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First day a mixed bag for Rockies
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2004 First-Year Player Draft
06/07/2004  9:12 PM ET
First day a mixed bag for Rockies
Colorado chooses 18 players in draft's opening rounds
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Hurler Steven Register was chosen by the Rockies as the 80th overall pick. (Courtesy Auburn)

DENVER -- It came off as the manifestation of a draft philosophy. Looking to become more athletic, the Colorado Rockies snapped up prep middle infielder Chris Nelson from Redan High School in Stone Mountain, Ga., with their first choice and tabbed position players for four of their next five picks.

Truth be told, luck played a huge role in the Rockies being able to execute the plan.

The Rockies had brought in Nelson, 18, for a workout Friday, but had given up hope by Monday. Every indication was the Baltimore Orioles, picking just ahead of Colorado, would draft Nelson. In fact, it came from the Birds' mouths.

"This morning, we thought he wasn't going to get to us. They told us an hour before the draft they were taking Nelson," Rockies scouting director Bill Schmidt said. "When they called out the ID number, I went, 'Whoa.' Their Georgia scout called out the pick, and it was a different ID number."

Baltimore drafted Rice pitcher Wade Townsend, who was projected by Baseball America to wind up with Colorado.

Having built up pitching in previous drafts, the Rockies have added a few power hitters and were looking to increase overall athletic ability.

"Nelson's got the potential to hit," Schmidt said. "He's an above-average to solid above-average runner, and the athleticism was something we needed. In my opinion, he was the best high school hitter in the draft."

The Rockies expect to quickly sign Nelson, who has signed a scholarship with Georgia but made no secret of his desire to turn pro, and send him to Rookie-level Casper.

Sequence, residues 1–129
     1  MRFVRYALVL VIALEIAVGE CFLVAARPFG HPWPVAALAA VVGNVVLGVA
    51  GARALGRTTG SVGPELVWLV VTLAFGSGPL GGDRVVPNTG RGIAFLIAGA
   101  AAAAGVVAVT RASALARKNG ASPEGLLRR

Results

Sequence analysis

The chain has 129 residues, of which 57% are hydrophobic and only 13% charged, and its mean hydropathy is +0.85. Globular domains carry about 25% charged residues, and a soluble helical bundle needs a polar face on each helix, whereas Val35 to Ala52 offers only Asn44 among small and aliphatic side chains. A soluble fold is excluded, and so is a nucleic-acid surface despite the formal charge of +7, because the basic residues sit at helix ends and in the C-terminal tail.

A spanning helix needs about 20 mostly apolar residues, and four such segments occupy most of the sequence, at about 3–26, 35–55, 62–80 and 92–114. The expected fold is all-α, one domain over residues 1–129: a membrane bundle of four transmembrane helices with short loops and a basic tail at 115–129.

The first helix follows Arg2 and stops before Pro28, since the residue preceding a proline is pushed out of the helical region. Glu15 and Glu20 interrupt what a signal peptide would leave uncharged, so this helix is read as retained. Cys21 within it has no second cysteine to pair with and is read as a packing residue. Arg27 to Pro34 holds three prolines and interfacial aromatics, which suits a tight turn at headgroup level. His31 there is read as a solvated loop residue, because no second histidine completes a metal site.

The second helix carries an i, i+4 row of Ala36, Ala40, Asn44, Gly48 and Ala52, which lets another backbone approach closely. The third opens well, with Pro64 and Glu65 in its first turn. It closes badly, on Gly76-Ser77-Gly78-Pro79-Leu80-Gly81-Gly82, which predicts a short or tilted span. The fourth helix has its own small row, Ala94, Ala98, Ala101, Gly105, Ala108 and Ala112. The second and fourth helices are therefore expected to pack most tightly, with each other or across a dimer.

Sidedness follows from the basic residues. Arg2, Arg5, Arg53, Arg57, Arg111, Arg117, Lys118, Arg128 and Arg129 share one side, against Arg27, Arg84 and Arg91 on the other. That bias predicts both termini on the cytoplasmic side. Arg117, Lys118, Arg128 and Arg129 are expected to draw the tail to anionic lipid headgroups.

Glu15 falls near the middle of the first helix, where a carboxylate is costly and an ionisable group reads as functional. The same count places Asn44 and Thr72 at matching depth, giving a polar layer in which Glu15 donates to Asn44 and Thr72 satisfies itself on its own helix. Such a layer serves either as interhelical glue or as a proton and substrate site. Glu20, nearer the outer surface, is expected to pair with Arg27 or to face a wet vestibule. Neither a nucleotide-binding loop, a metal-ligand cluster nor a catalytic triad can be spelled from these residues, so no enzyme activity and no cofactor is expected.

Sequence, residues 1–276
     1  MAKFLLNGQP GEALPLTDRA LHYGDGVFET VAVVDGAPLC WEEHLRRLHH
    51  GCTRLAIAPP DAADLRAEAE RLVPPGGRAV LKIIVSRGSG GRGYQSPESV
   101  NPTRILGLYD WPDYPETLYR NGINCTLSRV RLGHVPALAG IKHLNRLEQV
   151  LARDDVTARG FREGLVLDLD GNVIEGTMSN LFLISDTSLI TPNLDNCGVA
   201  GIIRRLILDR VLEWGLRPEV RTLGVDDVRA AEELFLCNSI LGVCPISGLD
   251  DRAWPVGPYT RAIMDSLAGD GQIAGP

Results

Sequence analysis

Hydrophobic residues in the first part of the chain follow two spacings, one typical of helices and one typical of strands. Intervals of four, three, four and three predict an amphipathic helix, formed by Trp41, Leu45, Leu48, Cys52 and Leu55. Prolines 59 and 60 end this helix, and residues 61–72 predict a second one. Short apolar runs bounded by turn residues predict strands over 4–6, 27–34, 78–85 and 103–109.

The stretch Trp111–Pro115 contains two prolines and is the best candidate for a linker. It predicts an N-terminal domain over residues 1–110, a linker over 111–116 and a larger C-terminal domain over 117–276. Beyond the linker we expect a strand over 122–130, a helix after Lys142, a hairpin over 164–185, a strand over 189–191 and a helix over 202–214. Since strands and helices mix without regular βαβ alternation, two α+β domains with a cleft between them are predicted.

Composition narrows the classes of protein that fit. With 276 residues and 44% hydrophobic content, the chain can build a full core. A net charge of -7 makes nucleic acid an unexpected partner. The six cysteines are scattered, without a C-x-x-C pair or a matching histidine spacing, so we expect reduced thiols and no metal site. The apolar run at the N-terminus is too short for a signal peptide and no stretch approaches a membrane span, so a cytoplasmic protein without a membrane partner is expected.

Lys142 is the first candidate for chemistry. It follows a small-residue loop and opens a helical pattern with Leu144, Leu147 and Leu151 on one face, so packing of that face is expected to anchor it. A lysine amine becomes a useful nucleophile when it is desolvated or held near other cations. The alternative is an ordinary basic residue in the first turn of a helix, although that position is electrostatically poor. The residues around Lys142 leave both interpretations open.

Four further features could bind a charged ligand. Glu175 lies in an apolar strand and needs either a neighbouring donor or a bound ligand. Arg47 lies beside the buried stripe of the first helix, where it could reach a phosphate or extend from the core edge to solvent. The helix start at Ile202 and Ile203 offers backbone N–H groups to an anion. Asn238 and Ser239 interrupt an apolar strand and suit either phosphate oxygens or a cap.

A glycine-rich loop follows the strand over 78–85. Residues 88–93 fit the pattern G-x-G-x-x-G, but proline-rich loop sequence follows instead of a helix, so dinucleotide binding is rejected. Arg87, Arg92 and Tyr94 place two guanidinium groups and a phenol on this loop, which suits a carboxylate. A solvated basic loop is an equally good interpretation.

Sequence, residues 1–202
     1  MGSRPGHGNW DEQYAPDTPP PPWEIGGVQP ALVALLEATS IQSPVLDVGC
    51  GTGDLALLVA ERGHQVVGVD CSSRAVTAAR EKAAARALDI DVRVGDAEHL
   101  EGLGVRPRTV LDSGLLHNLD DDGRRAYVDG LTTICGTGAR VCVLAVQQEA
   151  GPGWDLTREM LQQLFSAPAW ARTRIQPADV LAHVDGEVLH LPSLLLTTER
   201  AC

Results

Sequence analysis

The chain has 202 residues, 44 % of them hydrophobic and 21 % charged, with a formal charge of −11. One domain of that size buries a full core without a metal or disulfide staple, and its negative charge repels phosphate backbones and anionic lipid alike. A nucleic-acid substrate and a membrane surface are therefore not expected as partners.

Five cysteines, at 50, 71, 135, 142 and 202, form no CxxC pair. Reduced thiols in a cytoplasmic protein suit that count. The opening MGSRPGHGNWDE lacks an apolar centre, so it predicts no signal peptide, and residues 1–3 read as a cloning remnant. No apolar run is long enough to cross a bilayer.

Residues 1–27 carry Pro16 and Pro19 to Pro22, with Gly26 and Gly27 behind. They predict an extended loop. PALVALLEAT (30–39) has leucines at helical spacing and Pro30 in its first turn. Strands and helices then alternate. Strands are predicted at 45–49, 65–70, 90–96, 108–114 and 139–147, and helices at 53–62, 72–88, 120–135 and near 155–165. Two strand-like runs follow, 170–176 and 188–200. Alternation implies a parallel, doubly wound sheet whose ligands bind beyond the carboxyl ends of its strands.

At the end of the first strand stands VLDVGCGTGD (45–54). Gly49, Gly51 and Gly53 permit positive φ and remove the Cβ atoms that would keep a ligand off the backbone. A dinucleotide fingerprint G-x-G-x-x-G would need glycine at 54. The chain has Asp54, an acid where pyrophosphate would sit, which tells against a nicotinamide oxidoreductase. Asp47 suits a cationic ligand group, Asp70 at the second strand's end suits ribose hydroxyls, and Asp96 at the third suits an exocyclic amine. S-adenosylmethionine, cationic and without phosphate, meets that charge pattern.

Nelson liked the way the draft went.

"I love the Rockies, there's nothing wrong with the Rockies and nothing wrong with the Orioles," he said. "I just want to play ball anyway."


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After Nelson, Colorado's top picks were:

  • Ole Miss outfielder Seth Smith, who is expected to blossom after splitting his time between baseball and football in college.

  • Auburn right-handed pitcher Steven Register, who followed up an outstanding 2003 season as a bullpen closer with the Tigers and Team USA by expanding his role with Auburn in 2004 (7-0, 4.02 ERA, eight saves in 22 games, including three starts).

  • North Carolina catcher Chris Iannetta, one of three finalists for the Johnny Bench Award for the nation's top catcher.

  • Notre Dame third baseman Matt Macri, who was voted by Baseball America as having the best infield arm in the Big East for three straight years and can play second, third or shortstop.

  • Virginia first baseman Joe Koshansky, the Atlantic Coast Conference Player of the Year, who batted .302 with 16 home runs and went 8-3 with a 2.98 ERA in 15 starts as a left-handed pitcher.

    "We tried to go after the best player, and it kind of unfolded for us that we ended up with the best athletes," Schmidt said. "I had a gut feel with Seth Smith and Macri -- they're both athletes and we'll see how that plays out. Register is an athletic pitcher. It kind of just worked out that way."

    Colorado picked in 18 rounds Monday, and did get around to pitchers. Starting with Oregon State left-hander Jake Postlewait in the seventh round, Colorado grabbed pitchers with seven out of 11 picks.

    The draft continues through the 50th and final round Tuesday.

    Thomas Harding is a reporter for MLB.com. This story was not subject to the approval of Major League Baseball or its clubs.

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